Hard Red Spring. The 2014 HRS crop is large with a good grade profile and generally similar functional quality to the 2013 crop. This crop is 14 percent larger than 2013 due to larger planted area and excellent yields, especially in the Northern Plains. Yields were below recent averages in the Pacific Northwest region. The average grade is No. 1 NS with 82 percent of the samples from the West export region and 90 percent from the East grading No. 1. Protein and vitreous kernels are lower than average because of late-season rainfall and will be premium-pricing factors. Average protein is 13.6 percent, similar to 2013 but about one-half point below the five-year average. Average vitreous kernel content (DHV) in both regions is 48 percent, the lowest average in a number of years. While DON and lower falling numbers affected some areas, these factors are not significant in the overall crop averages. Functional performance tends to improve with higher protein segments, though buyers may find good value opportunities in lower protein segments due to wide spreads in market pricing. Because of the quality variability this year, diligent contract specifications for DHV, DON and falling number are encouraged to ensure buyers get the quality they demand.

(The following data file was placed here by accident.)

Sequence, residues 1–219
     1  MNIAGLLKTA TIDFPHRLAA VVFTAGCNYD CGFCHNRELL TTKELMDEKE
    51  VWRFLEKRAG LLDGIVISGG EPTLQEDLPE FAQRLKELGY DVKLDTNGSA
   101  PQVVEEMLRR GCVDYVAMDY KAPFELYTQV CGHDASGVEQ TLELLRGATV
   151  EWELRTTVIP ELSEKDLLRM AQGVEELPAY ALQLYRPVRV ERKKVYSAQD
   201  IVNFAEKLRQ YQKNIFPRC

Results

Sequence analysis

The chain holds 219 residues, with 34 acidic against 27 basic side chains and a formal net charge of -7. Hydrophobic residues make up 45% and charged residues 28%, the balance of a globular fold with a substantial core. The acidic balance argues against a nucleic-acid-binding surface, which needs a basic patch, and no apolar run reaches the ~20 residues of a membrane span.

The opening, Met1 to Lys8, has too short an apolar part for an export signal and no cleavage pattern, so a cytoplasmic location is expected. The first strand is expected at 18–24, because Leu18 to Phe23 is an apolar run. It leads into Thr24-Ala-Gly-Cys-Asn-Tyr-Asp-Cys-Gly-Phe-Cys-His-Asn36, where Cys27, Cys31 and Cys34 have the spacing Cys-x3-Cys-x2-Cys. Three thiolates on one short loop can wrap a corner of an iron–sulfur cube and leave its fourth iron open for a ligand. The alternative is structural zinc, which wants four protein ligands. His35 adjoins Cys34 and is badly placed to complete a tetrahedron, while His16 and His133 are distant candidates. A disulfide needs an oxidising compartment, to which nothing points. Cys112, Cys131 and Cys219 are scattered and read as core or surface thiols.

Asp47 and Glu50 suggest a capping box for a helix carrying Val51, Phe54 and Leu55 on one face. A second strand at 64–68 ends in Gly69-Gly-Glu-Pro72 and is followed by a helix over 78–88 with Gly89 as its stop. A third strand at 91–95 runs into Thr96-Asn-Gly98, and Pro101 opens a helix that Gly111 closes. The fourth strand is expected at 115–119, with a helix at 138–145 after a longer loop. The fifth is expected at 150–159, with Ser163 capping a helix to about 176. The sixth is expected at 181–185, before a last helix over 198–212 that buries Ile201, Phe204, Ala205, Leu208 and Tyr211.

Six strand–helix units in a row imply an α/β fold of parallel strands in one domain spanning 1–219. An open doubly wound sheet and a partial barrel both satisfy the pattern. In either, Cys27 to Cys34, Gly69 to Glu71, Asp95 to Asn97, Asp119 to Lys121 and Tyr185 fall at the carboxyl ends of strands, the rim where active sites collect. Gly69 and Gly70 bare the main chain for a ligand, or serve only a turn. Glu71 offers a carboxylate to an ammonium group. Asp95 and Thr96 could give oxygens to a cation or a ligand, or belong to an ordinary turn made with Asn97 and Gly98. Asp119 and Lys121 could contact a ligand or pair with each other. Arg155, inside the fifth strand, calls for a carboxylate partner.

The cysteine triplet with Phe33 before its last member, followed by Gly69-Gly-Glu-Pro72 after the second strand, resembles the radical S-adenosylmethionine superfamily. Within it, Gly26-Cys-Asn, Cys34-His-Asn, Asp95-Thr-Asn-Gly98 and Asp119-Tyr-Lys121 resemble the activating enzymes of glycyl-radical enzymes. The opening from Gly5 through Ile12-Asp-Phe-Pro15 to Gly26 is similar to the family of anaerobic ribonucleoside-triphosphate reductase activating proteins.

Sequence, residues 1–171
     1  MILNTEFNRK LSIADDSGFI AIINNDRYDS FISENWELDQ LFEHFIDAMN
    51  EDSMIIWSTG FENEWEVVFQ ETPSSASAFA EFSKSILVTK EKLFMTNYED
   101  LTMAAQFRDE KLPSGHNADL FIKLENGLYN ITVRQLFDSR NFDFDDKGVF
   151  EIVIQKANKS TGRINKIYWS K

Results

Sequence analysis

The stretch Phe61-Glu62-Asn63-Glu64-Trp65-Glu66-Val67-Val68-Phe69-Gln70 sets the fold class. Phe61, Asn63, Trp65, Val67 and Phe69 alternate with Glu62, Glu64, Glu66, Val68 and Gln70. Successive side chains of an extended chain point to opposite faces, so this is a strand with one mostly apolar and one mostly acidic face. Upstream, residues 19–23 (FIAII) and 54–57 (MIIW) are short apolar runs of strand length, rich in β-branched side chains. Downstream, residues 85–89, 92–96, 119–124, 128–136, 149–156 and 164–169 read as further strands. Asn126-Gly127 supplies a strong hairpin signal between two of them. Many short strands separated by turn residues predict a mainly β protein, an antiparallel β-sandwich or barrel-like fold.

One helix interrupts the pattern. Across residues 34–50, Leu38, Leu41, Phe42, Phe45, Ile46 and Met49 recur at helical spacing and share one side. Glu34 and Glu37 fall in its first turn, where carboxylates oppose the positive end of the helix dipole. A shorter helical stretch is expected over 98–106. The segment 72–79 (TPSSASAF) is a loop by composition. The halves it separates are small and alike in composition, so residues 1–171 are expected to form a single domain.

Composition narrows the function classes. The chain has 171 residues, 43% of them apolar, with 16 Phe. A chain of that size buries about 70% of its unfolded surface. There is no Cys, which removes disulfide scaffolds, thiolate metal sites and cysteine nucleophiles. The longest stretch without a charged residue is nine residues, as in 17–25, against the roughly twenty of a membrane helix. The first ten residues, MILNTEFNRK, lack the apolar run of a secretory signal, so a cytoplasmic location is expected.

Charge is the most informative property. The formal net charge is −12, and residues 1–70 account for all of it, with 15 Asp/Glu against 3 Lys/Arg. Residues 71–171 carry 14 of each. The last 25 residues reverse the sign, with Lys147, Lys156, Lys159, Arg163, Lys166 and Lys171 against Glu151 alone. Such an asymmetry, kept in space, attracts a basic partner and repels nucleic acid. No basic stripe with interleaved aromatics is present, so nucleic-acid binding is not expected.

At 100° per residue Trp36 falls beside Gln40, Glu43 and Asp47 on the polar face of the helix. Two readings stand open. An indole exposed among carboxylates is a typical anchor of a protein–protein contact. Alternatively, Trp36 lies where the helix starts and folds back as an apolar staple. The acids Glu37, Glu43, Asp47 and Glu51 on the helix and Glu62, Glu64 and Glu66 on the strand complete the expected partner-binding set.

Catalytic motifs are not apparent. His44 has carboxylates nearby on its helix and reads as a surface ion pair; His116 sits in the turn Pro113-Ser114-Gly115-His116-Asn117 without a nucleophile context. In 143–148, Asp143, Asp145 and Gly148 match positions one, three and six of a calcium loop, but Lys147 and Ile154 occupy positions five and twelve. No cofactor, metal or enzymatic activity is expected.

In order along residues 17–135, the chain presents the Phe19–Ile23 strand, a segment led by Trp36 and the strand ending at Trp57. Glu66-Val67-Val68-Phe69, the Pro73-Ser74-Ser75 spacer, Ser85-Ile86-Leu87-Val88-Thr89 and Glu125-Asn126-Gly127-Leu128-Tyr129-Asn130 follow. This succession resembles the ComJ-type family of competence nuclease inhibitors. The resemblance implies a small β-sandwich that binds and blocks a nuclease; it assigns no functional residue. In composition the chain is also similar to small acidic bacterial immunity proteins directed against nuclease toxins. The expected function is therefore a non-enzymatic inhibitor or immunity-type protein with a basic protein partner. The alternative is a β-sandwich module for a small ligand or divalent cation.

Soft White. The 2014 crop has the typical high quality expected of SW with high test weight, slightly higher than average protein and excellent milling and processing characteristics. Average SW wheat protein (12 percent mb) of 10.9 percent is higher than 2013’s 10.3 percent and the five-year average of 9.9 percent. White club (WC), a sub-class of SW, had average protein of 11.1 percent, which is also higher than last year’s 10.5 percent and the five-year average of 10.0 percent. SW and WC sponge cake volumes and scores are lower than 2013 and the five-year averages. SW cookie diameter is smaller than last year and the five-year average, while WC cookie diameter is similar to last year and the five-year average. SW and WC cookie spread factors are less than last year and five-year averages. Specific volumes for Chinese southern-type steamed bread, compared with a control flour, are higher for SW and WC than last year and five-year averages. Total steamed bread scores are slightly lower than 2013 but higher than the five-year average for SW and lower than the five-year average for WC.